Gales and blizzards cause havoc in Scotland and north

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The Independent Online

Thousands of homes across Britain were left without power yesterday as gale-force winds and blizzards swept across the country, causing chaos and devastation.

Thousands of homes across Britain were left without power yesterday as gale-force winds and blizzards swept across the country, causing chaos and devastation.

Forecasters predicted more snow this weekend as the arctic conditions head south into the north-east of England, particularly in eastern coastal regions, with the possibility of snow showers reaching London and the south.

Gusts of up to 85mph in the Highlands and north-east Scotland, combined with drifting snow, damaged buildings, closed roads and severely disrupted air and sea travel.

In the Cairngorms, soft snow saved the lives of a man and a woman who fell 700ft off the 3,857ft Coire an t-Sneachda mountain and landed in a deep drift. The man, who is in his 40s, suffered a serious leg injury, while the woman, in her 30s, had cuts and bruises.

Trees and power cables were brought down across the country, with rural communities in Ayrshire, Borders, Dumfries and Galloway, and Argyll regions worst affected.

A spokesman for ScottishPower said: "The loss of power was spread over a number of areas rather than one individual town. We hope to have power restored to most, if not all, of our customers by Saturday morning." It was a similar story in Northern Ireland, where more than 2,000 homes were left without power.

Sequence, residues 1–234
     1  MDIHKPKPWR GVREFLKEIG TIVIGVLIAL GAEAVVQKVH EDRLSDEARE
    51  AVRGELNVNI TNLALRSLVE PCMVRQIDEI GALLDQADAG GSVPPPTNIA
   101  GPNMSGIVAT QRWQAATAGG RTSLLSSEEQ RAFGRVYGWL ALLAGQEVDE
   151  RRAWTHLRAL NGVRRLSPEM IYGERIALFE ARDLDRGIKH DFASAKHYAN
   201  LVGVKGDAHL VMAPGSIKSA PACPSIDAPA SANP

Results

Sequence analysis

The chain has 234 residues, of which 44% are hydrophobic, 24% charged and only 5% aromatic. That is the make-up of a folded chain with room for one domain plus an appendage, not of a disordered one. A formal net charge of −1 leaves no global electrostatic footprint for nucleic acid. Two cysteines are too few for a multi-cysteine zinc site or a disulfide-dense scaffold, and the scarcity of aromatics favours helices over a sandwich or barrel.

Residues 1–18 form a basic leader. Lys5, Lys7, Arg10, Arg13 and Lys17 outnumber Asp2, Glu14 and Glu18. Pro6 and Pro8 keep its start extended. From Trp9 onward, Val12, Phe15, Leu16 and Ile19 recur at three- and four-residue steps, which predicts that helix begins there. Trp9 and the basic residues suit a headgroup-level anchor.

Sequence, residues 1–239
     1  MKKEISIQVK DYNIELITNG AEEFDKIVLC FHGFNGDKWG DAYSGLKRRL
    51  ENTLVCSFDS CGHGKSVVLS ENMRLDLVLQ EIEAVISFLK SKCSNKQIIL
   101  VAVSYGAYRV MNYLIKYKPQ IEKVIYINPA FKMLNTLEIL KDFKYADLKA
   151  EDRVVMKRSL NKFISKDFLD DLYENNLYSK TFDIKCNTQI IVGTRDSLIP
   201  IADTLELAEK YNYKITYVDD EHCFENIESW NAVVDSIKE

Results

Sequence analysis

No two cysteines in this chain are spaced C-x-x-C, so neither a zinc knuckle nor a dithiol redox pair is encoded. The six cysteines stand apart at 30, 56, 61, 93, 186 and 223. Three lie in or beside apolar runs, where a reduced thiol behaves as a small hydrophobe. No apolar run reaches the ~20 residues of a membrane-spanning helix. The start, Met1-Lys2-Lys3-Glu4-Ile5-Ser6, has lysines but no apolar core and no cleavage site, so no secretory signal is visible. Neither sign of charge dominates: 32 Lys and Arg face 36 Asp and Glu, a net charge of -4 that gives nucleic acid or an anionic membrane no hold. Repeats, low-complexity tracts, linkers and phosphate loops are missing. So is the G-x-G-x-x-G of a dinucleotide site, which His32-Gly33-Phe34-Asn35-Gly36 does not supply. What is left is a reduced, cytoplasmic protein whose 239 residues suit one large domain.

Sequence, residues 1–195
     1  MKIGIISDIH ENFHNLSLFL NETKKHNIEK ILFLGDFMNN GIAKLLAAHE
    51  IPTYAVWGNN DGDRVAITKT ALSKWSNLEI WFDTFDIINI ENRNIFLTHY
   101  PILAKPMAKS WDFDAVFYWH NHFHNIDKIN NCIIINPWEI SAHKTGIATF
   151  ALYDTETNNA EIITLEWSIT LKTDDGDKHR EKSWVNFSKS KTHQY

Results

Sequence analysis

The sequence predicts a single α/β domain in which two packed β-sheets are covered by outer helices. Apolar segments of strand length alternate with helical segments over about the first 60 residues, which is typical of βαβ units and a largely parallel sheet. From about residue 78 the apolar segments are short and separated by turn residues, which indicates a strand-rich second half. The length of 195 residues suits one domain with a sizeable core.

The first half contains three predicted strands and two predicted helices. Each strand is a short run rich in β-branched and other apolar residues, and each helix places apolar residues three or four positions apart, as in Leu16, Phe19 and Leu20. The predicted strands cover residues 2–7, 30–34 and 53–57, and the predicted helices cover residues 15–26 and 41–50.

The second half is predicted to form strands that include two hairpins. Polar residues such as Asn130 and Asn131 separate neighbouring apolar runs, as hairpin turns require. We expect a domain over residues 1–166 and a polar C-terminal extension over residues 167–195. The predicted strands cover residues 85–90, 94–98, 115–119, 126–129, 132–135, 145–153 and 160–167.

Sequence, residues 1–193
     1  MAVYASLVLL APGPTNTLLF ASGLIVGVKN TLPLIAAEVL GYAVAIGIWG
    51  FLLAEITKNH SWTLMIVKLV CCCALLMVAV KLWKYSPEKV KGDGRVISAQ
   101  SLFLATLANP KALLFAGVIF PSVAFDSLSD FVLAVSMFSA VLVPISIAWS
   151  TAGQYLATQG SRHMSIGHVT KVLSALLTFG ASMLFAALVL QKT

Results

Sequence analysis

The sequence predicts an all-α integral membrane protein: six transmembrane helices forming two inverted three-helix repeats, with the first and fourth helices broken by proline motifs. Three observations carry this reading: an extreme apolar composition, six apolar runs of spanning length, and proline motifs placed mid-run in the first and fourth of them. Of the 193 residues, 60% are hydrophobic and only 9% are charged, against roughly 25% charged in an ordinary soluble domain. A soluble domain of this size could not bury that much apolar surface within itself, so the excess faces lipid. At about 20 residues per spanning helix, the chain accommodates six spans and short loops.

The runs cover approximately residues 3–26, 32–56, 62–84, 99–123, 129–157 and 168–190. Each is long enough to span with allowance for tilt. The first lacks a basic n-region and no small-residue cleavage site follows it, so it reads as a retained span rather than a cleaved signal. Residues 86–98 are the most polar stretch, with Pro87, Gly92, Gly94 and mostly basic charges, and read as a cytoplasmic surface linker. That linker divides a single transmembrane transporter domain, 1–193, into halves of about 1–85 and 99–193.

All Stena Sealink ferry crossings between Belfast and Stranraer were cancelled, while ferry operator Caledonian MacBrayne suspended several sailings. On the roads, the Forth road bridge and the Skye bridge were closed to high-sided vehicles. At Kildrummy, near Aberdeen, a gritter lorry was driven off the road by high winds and overturned. Two rescue vehicles sent to help the stranded crew had to be dug out of the snow.

Further south, snow was less of a problem but uprooted trees caused the closure of several roads in the Dumfries and Galloway and the Lothian and Borders areas.

In northern England, winds of more than 70mph caused an articulated lorry to overturn and block the northbound carriageway of the A1(M) near Durham. The A66 main cross-Pennines route was also closed to high-sided vehicles, as was the Newton Cap viaduct at Bishop Auckland.

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